All of Italy has delicious cuisine, but food addicts swear the heart and soul of the best cooking and eating is in the north. But is it true? I needed to know. I started my quest for the best food in northern Italy with a trip to Venice. I discovered that it's possible to find bad food in Venice, but not if you take a class with Enrica Rocca ( ), a Venetian chef who runs cooking and culture classes in her home overlooking a canal in the area known as Dorsoduro.

I spent two days in Venice shopping, cooking, eating, drinking, and laughing withVenice2 the vivacious Enrica. We started both days at the Rialto Bridge and walked the short distance to the historic Rialto Market. As we meandered around the market wheeling Enrica's green shopping cart, she pointed out the best stands. We talked about choosing quality products, and how to cook seasonally. She sprinkles her shopping with hilarious sidebar stories about food. One of my favorites was her description of mezzano; a cheese that is especially delicious with wine. It's known as the sex cheese because the more you eat, the more you want and you drink so much wine to wash it down, all inhibitions are lost and one is inclined to…well, to want sex.

The Rialto Market is open every day. There are multiple meat and fish stands, as well as seductive rows of fresh produce arranged like art exhibits. The presentation is colorful and symmetrical and made me so hungry I bought a peach; the warmest, juiciest piece of fruit I've ever tasted.

We returned to Enrica's home with a full basket. The apartment is part of her family's palazzo and she has redesigned it to be a modern, gracious loft-like space where she can accommodate cooking lessons for up to ten people. She gives her classes in both English and Italian. We began the lesson with a glass of prosecco, a sparkling regional wine considered by Italians to be an aperitif.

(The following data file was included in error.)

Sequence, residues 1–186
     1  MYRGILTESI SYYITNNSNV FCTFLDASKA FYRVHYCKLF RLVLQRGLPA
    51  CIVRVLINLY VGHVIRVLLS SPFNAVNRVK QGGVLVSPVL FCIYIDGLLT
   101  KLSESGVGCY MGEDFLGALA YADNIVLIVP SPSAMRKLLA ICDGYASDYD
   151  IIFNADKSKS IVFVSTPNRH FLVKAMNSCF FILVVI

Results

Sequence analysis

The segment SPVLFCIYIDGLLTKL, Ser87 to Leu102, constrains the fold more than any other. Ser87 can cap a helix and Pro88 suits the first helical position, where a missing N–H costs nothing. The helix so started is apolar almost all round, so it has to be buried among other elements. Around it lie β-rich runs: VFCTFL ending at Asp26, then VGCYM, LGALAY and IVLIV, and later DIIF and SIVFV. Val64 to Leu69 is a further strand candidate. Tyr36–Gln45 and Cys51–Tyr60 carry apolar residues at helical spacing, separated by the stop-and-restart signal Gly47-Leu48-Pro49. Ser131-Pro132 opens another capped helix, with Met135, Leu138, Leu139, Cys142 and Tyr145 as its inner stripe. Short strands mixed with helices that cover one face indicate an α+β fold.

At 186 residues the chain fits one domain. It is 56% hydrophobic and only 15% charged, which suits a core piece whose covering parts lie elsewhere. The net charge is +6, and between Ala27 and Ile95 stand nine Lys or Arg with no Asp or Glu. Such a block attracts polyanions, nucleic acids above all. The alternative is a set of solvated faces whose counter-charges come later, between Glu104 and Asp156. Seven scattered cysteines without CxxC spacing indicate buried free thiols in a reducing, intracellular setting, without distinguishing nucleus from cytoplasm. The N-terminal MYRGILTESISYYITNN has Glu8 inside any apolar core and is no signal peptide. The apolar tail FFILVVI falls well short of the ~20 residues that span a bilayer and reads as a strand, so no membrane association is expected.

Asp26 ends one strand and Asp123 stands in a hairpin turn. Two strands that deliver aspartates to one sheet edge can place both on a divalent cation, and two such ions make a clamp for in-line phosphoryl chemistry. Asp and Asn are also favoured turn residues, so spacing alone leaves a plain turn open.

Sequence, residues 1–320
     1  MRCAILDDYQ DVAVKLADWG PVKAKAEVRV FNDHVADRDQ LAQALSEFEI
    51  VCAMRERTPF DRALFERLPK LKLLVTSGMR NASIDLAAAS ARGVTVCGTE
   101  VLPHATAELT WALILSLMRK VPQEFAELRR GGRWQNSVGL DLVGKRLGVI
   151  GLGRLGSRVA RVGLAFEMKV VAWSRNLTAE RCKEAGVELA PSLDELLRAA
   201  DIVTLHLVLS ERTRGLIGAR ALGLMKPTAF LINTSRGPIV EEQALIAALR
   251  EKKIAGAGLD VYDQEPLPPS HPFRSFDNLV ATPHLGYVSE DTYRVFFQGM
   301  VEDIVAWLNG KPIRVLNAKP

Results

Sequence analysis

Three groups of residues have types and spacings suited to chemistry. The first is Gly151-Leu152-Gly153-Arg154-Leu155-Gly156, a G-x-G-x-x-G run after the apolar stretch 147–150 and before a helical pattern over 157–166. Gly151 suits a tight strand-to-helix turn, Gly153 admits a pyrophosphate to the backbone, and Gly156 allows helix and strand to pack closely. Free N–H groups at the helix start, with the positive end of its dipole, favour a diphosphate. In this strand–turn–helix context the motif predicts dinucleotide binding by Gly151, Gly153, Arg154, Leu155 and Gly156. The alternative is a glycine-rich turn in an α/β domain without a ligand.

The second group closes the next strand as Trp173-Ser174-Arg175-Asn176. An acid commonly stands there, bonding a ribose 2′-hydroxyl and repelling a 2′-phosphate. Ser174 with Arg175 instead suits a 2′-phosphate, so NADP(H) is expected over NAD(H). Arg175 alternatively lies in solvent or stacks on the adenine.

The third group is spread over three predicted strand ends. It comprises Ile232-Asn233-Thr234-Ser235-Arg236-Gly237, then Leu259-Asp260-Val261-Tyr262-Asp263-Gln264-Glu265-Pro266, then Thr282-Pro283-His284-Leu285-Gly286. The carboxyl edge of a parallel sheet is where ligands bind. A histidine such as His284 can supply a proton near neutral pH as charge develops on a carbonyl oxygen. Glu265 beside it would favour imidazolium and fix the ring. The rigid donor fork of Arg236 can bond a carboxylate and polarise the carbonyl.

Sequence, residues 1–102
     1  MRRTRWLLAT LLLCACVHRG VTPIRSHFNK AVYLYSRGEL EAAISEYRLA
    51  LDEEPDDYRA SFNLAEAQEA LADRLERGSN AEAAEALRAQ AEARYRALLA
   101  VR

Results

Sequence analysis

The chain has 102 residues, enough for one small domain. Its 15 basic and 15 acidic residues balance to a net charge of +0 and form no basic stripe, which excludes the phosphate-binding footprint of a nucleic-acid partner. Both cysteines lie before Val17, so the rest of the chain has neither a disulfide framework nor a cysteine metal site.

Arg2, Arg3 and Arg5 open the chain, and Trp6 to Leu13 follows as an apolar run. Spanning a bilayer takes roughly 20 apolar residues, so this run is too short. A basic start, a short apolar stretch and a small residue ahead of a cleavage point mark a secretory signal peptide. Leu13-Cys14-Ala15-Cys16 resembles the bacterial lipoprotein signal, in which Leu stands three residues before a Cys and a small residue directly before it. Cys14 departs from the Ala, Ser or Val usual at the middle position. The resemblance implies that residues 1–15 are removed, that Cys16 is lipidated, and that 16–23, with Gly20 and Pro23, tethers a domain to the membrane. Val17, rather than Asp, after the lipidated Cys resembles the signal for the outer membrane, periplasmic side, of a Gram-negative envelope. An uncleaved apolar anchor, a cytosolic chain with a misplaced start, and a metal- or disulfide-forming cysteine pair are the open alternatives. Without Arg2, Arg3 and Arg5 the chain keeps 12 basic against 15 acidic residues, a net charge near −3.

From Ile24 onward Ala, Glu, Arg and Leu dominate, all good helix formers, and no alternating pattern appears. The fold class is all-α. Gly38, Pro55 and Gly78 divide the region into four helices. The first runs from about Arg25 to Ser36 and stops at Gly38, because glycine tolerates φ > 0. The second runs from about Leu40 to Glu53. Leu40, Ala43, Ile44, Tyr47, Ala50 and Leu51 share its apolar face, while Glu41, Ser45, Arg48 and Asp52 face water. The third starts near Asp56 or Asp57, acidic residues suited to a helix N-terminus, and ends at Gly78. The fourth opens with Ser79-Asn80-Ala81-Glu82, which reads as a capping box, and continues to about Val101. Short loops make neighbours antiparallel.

Venice1For two days we cooked in Enrica's inimitable style; intuitively, passionately, and with joy. We made roast pork, ribs, risotto, asparagus, peas, pasta with mussels and clams, and baked fish. She uses a little of this and a little of that and recipes are unheard of in her kitchen. I furiously took notes in the hope of recalling what we had done. Enrica uses few ingredients and teaches you to use them well. Herbs are fresh and wine is splashed into every pot and pan. There were moments I wanted to lick the plate. Everything we cooked was incredible, but there were two standouts.

The first was a simple bruschetta made by toasting rustic bread on a grill. The bread was rubbed with garlic and sprinkled with fresh parsley, luscious cherry tomatoes, and olive oil. If I'd eaten nothing else in the week I spent in Venice, this bruschetta would have satisfied me. It was that good.

But the best meal was risotto that we slowly cooked, using a broth we made from the heads and shells of fresh prawns. Each grain of rice tasted like the sea. I have never eaten better risotto anywhere in any restaurant.

Venice is magical and full of surprises that the guidebooks don't reveal. The best surprise was finding Enrica Rocca. If there is a food heaven when you die, I'm certain that she will be there ruling over the kitchen.

Written by: Tina Gordon

Featured Photo by: Dgt84

Spain tooTina Gordon is addicted to writing, travel and food.  She shares her travels, food experiences and recipes on her blog: Tina's first trip to Italy inspired her first novel, "Siena Summer." She has written and published award-winning poetry for many years and is currently working on a young adult novel called "Hardscrabble Road" and planning a trip to Provence in June.